Cyber criminals are getting pretty gutsy and bold. It reminds me of the swash buckling pirates…Internet style! Tech start-ups continue to get hit by extortion attempts from cybercriminals who aim to shut down their systems until companies pay their ransom. Incredible!
For several months, the FBI has been investigating a wave of denial-of-service (DDoS) attacks, against web start-ups. In each case, attackers knock their victims offline using a flood of traffic and refuse to stop until victims pay their ransom in Bitcoins.
Among the businesses targeted in the initial wave of attacks were Vimeo, the video-sharing company; Meetup, a company that connects groups offline; Basecamp, a project management software company; Bit.ly, the link-shortening service; Shutterstock, the stock photography agency, and MailChimp, the email marketing provider. In nearly every case, the amount demanded was typically low, in the $300 range. Apparently in some cases the victims paid the ransom.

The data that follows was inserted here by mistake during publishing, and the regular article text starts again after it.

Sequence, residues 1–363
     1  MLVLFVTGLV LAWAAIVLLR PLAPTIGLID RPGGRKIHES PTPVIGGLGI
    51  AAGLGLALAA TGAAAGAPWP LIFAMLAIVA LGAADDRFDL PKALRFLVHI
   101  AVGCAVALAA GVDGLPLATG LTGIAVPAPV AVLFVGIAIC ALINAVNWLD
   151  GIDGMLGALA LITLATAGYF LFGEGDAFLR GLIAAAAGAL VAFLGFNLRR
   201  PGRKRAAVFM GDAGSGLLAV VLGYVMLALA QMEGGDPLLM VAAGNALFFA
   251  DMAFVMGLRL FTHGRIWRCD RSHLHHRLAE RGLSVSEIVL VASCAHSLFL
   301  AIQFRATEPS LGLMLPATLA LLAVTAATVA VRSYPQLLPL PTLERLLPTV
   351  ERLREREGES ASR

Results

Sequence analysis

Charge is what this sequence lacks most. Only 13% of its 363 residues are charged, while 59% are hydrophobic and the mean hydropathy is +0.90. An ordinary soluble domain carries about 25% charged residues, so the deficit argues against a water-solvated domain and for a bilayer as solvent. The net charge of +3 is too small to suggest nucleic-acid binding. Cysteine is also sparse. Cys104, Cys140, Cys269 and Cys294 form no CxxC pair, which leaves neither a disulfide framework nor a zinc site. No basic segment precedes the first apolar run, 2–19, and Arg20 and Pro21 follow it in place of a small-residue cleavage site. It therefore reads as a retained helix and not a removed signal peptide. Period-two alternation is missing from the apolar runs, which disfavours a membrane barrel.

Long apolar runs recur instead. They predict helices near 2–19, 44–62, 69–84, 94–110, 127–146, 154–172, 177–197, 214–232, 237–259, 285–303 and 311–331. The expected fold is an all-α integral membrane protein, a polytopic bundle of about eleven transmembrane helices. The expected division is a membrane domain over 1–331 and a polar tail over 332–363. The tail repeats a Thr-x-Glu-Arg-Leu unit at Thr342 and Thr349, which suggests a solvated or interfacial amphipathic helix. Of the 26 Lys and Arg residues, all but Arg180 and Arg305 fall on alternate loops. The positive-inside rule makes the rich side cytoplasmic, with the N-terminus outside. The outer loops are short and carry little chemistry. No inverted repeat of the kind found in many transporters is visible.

Among the companies targeted in just the last month have been Feedly, a service that aggregates web content; Evernote, the productivity service; and Moz, which makes marketing analytics software. On Thursday, Move, a San Jose, Calif. start-up that provides online real estate services, was added to the list.
The attacker(s) cover their tracks using anonymity software and flooding companies from thousands of different IP addresses in the United States. Those addresses are likely to be bots, or computers infected with malware that allow the hackers to apply them to an attack.
Moz is working with other affected companies, including Feedly, but said that because each company has different infrastructure, and because the attack methods differ, sharing information about the extortion attacks only provides so much help.
DDoS attacks in general are on the rise, according to Arbor Networks, a security firm in Burlington, Mass., after a “hockey stick” growth trajectory. But last year, the frequency of such attacks jumped eightfold from the previous year, and the size of the attacks eclipsed previous peaks by over 200 percent, according to a report by the firm.
It’s getting wild out there!